How to Play Off Your Ceiling's Potential in Your Great Room
The concept of a large, open, central room that serves multiple functions has been around for ages, but it wasn’t until the 1990s that the “great room” rose to prominence in American homes. These multipurpose spaces can be configured in a number of ways, but they all share one thing common: high ceilings. Indeed, unlike a traditional living room, a great room typically utilizes two stories, featuring raised (often “cathedral”) ceilings. In addition to having high ceilings, great rooms are also horizontally-advantaged. Whereas traditional homes feature walls between different rooms (i.e. living room, dining room, kitchen), homes donning great rooms blur the line between these disparate functional spaces. In most cases, a great room is a hybrid between living space, kitchen, study, and dining room.
As elegant as great rooms are, however, they can pose unique problems when it comes to home interior painting. For one thing, reaching the upper portions of those tall walls can be challenging and dangerous, requiring sturdy ladders and extension poles -- painting the ceiling is another potential nightmare altogether. Practical concerns notwithstanding, choosing colors and making design choices for your great room requires even more attention than doing so for standard, smaller spaces. After all, your great room should simultaneously act as one cohesive space and a multipurpose room (with lots of surface area and potential). The possibilities are virtually endless, but even small details can make all the difference in how your great room looks and feels.
With all that in mind, here’s our advice for playing off your ceiling’s potential in your great room.
Make a Large Space Even Larger with Matching Walls and Ceilings
Should you paint walls and ceilings the same color? It’s a question that many homeowners ask themselves and painting professionals in preparation for their next project. Of course, such a subjective question warrants a subjective response: it depends. Painting your ceiling and walls the same color has certain implications that may or may not be desirable depending on your goals. If, for instance, you want to make your great room appear even grander than it already does, you might decide to stick with a single color for all four walls and the ceiling. Simply put, going this route reduces the visible separation between the surfaces surrounding you and the one overhead, streamlining the space and making it appear larger, even though it’s the same size as before.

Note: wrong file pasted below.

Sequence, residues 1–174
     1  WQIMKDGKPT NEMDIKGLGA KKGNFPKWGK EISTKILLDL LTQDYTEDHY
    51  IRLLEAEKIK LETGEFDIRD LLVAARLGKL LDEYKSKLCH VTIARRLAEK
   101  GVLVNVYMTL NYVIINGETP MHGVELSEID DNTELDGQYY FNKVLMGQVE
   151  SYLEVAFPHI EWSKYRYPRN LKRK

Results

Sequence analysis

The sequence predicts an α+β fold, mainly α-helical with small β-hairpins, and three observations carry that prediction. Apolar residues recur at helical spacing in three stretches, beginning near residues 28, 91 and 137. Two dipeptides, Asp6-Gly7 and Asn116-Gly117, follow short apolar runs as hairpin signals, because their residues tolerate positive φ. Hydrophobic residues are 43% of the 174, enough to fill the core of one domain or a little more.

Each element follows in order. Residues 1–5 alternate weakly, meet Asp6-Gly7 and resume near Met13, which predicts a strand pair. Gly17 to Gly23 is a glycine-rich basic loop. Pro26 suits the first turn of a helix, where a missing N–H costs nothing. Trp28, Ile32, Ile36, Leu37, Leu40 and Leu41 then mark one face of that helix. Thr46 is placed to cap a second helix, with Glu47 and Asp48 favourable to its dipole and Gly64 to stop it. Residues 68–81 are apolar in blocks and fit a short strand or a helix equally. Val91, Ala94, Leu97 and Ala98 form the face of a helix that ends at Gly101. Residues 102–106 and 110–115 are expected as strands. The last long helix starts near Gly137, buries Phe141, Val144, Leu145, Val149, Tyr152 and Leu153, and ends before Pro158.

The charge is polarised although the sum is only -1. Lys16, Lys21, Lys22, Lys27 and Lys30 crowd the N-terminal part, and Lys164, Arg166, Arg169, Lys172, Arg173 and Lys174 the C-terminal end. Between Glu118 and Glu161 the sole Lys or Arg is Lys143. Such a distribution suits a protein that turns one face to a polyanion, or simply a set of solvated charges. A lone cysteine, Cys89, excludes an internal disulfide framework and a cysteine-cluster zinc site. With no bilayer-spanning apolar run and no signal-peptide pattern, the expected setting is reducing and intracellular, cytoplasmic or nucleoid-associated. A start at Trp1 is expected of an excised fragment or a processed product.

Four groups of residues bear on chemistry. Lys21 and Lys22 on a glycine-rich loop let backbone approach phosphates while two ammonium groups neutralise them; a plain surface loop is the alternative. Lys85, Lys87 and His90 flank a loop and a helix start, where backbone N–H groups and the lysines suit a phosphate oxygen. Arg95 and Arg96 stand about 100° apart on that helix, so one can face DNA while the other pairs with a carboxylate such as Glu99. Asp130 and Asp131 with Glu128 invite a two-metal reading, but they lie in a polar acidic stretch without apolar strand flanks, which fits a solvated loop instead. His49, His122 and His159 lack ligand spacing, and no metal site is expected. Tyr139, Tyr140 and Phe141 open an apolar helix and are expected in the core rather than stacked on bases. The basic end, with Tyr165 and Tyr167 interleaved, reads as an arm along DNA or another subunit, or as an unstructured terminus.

It’s worth noting that the color and shade you choose matters in this regard, though. Darker colors naturally shrink a space while lighter colors expand it. In other words, merely painting your great room all one color isn’t guaranteed to make it feel bigger and more open -- going with white and other light shades, on the other hand, will accomplish this goal. Even if you decide to paint your walls a different color from your ceiling, going with a lighter shade for your ceiling will also visually raise its height.
Bring Your Great Room Down to Earth with Lighter Walls
On the other hand, you might wish to “lower” your great room’s ceiling, especially if your space feels too empty and open. The easiest way to do this without actually installing a lower ceiling and altering your great room’s layout is to paint your ceiling a darker color or shade than the surrounding walls. The same visual illusion described above is at play here, just in reverse. When your walls are a lighter shade than your ceiling, the horizontal space will feel larger, while the vertical space will appear closer and tighter. In a large space like a great room, this difference between ceiling paint and wall paint colors might only result in a subtle change overall, but it might be enough to achieve the atmosphere you desire.